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© 2013

GPR Remote Sensing in Archaeology

  • Presents the most unique and advanced processing steps for Ground Penetrating Radar applied to archaeological remote sensing

  • Provides in case studies the worlds most important monuments and archaeological sites studied with GPR including the Imperial Family Tombs of Japan, the Villa of Emperor Trajan of Rome and other sites

  • A contemporary book filling a void not yet properly addressed

Textbook

Part of the Geotechnologies and the Environment book series (GEOTECH, volume 9)

Table of contents

  1. Front Matter
    Pages i-xi
  2. Dean Goodman, Salvatore Piro
    Pages 1-9
  3. Dean Goodman, Salvatore Piro
    Pages 11-36
  4. Dean Goodman, Salvatore Piro
    Pages 37-62
  5. Dean Goodman, Salvatore Piro
    Pages 63-100
  6. Dean Goodman, Salvatore Piro
    Pages 101-118
  7. Dean Goodman, Salvatore Piro
    Pages 119-142
  8. Dean Goodman, Salvatore Piro
    Pages 143-157
  9. Dean Goodman, Salvatore Piro
    Pages 159-174
  10. Dean Goodman, Salvatore Piro
    Pages 175-185
  11. Dean Goodman, Salvatore Piro
    Pages 187-227
  12. Back Matter
    Pages 229-233

About this book

Introduction

This book provides a complete description of the processes needed to take raw GPR data all the way to the construction of subsurface images. The book provides an introduction to the theory of GPR by using a simulator that shows how radar profiles across simple model structures look and provides many examples so that the complexity of radar signatures can be understood. The book continues with a review of the necessary radargram signal processes needed along with examples. The most comprehensive methodology to construct subsurface images from either coarsely spaced data using interpolation or from dense data from multi-channel equipment and 3D volume generation is presented. Advanced imaging solutions such as overlay analysis are introduced and numerous worldwide site case histories are shown. The authors present their studies in away that most technical and non-technical users of the equipment will find it useful for implementing in their own subsurface investigations.

Keywords

Cultural Heritage Ground Penetrating Radar Multi-Channel Remote Sensing Satellite Archaeology Subsurface Imaging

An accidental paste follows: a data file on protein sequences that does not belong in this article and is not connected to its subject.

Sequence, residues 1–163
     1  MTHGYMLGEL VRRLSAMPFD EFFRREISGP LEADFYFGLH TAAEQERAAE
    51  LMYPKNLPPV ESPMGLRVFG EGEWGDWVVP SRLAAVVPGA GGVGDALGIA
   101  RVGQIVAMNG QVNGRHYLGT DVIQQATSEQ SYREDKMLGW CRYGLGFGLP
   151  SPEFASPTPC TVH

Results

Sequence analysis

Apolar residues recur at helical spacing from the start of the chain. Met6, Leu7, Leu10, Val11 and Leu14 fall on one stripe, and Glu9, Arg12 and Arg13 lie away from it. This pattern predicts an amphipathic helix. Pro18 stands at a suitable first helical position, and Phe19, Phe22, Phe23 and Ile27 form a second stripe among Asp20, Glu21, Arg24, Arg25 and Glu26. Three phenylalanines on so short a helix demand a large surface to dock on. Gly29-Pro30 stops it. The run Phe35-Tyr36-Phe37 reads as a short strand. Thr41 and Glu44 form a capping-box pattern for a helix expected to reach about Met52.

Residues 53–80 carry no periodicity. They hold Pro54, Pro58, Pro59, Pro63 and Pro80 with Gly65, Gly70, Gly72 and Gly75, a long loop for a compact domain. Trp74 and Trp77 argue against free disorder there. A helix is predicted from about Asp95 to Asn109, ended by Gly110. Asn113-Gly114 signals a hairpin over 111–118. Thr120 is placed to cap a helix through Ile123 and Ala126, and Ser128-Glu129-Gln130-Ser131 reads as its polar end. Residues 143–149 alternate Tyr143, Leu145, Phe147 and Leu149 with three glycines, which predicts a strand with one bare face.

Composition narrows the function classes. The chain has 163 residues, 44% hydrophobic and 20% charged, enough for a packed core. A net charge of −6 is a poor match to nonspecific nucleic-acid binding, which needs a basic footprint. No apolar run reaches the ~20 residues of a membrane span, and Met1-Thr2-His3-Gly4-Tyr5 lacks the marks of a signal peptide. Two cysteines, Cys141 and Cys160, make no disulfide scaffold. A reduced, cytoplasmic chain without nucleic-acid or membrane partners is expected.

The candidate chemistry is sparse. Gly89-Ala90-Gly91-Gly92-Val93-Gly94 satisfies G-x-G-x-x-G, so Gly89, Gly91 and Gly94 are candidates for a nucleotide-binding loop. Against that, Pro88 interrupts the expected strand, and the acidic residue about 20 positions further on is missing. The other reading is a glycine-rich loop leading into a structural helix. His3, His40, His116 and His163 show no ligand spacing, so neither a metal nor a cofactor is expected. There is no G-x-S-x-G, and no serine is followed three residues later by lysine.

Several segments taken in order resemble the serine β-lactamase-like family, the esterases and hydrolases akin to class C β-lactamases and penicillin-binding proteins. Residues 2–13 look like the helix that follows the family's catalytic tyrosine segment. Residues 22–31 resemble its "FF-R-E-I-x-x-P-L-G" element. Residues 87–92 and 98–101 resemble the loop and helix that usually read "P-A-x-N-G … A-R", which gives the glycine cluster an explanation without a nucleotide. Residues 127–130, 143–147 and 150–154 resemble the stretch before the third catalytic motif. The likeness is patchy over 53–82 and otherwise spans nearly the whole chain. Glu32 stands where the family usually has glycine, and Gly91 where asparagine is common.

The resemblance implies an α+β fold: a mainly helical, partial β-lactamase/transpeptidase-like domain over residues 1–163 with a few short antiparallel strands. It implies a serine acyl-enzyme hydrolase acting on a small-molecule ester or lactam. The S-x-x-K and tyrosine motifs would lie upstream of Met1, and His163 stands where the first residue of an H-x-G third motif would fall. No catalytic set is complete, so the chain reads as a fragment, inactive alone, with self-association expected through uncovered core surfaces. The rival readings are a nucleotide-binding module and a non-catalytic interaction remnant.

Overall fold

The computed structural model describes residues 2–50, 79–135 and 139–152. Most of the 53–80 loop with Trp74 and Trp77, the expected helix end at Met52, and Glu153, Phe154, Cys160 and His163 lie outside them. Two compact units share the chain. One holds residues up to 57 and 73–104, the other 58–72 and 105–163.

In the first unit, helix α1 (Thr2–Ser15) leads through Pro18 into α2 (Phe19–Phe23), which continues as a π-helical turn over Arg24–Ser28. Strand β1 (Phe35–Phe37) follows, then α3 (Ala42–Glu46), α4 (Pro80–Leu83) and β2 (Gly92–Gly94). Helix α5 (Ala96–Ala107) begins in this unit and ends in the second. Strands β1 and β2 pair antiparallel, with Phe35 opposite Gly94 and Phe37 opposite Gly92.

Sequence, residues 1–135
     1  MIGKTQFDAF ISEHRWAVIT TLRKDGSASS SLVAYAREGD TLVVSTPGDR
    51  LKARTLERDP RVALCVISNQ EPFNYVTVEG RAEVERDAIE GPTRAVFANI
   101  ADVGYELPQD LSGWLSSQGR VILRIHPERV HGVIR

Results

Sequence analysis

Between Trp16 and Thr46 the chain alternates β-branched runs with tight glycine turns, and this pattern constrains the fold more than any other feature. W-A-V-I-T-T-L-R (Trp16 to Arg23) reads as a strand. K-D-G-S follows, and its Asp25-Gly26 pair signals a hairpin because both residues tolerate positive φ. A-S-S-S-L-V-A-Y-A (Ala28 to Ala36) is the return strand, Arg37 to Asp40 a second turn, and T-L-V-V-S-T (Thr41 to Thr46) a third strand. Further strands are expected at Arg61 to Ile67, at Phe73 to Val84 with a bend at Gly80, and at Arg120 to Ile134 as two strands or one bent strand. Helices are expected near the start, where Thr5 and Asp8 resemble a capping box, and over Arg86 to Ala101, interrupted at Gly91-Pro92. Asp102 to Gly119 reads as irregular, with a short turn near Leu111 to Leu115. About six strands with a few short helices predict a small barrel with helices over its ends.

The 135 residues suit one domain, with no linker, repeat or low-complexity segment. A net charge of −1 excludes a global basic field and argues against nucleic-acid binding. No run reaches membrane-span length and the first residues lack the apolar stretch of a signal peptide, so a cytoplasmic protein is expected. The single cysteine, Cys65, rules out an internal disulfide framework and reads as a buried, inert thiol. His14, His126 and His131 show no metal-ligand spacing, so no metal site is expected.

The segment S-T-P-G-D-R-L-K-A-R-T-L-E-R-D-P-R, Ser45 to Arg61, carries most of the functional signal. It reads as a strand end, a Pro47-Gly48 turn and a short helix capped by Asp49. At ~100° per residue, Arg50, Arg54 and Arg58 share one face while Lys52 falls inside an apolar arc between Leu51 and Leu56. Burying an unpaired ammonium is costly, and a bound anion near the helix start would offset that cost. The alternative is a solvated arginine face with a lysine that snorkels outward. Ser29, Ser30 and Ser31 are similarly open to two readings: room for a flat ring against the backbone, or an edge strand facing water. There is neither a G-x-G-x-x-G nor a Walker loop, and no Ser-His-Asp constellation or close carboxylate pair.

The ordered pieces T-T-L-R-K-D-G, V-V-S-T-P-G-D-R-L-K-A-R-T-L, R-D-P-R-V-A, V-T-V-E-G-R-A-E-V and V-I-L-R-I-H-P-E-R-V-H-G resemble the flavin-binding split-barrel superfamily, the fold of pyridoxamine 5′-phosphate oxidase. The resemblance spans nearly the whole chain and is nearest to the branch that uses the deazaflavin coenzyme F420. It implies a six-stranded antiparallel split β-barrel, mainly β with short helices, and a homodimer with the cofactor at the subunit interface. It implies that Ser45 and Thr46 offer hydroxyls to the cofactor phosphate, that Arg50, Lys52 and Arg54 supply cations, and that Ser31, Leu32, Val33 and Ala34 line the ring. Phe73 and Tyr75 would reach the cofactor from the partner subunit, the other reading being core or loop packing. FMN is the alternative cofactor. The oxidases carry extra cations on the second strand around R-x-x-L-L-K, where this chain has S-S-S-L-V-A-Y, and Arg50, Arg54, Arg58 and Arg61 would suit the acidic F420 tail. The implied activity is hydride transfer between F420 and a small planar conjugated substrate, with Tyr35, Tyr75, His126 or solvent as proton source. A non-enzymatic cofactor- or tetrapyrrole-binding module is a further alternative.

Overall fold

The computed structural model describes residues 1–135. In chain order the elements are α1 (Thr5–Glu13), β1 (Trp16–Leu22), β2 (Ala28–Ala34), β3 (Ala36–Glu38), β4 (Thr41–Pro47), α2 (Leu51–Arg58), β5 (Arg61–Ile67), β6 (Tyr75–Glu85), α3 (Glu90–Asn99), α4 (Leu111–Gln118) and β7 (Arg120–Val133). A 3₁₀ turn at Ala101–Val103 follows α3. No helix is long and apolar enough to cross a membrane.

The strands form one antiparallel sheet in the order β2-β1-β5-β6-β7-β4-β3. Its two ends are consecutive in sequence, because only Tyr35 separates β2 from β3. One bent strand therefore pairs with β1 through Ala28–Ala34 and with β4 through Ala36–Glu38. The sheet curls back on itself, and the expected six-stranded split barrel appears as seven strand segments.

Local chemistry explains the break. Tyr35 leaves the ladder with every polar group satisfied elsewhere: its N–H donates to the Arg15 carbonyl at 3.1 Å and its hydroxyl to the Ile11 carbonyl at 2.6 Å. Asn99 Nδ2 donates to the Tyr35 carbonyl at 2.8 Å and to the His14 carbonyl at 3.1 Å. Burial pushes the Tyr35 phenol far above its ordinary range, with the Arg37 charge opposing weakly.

Authors and affiliations

  1. 1.Woodland HillsUSA
  2. 2.Institute of Technologies, Applied to Cultural HeritageNational Research CouncilRomeItaly

About the authors

Dr. Salvatore Piro has been part of the Consiglio Nazionale delle Ricerche (Institute of Technologies Applied to Cultural Heritage, ITABC-CNR) which, from early 1980, was one of the first governmental institutions worldwide to recognize the importance of geophysics in archaeological investigations. Salvatore has helped to advance the use of GPR and other geophysical techniques through the ITABC and the Ground Remote Sensing Lab he has worked at and directed since the 1980s. From the inception of this lab in early 1980s till now, his research has involved the development of acquisition, elaboration and interpretation techniques for archaeological prospection employing magnetic, earth resistance and ground penetrating radar methods. His recent research interest includes acquisition and processing of integrated geophysical methods for near surface investigations.

Dr. Dean Goodman had a unique opportunity to work at a small archaeological geophysics lab of the University of Miami Japan Division from 1989-2008. Dean had significant support from the city of Nakajima Machi, the museum at Saitobaru in Miyazaki, and the Nara National Cultural Properties Research Institute where he also was a guest researcher for many years. Since 2001, Dean had the tremendous fortune to be ‘adopted’ by the US Forest Service Heritage Program, run at that time by Dr. Kent Schneider who helped to encourage and foster continued growth of software development at the Geophysical Archaeometry Laboratory.  

Bibliographic information

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Reviews

From the reviews:

“This book is an excellent quick guide to the GPR method, oriented primarily towards archaeological exploration. The text is self-contained and can be used by undergraduate students in both geophysics and archaeology fields. … It includes plenty of colored, high-quality images that help the reader to conceive the presented material. It is a very useful addition to the bookshelf of students, as well as professionals of geophysics and archaeology.” (Alexandra Karamitrou, Pure and Applied Geophysics, March, 2014)